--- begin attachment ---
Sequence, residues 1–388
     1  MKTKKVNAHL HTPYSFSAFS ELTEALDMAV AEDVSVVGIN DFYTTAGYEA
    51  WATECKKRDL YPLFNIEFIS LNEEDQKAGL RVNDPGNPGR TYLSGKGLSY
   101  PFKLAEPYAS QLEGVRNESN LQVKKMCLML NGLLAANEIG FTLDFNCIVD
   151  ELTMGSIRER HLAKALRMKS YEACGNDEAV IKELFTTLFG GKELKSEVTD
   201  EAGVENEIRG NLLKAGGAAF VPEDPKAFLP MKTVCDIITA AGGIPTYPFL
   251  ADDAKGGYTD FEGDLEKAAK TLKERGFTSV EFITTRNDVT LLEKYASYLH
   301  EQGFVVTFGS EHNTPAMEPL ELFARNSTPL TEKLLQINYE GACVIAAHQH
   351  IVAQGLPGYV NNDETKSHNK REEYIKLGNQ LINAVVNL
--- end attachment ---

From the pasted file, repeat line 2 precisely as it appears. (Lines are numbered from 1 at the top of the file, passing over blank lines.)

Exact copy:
     1  MKTKKVNAHL HTPYSFSAFS ELTEALDMAV AEDVSVVGIN DFYTTAGYEA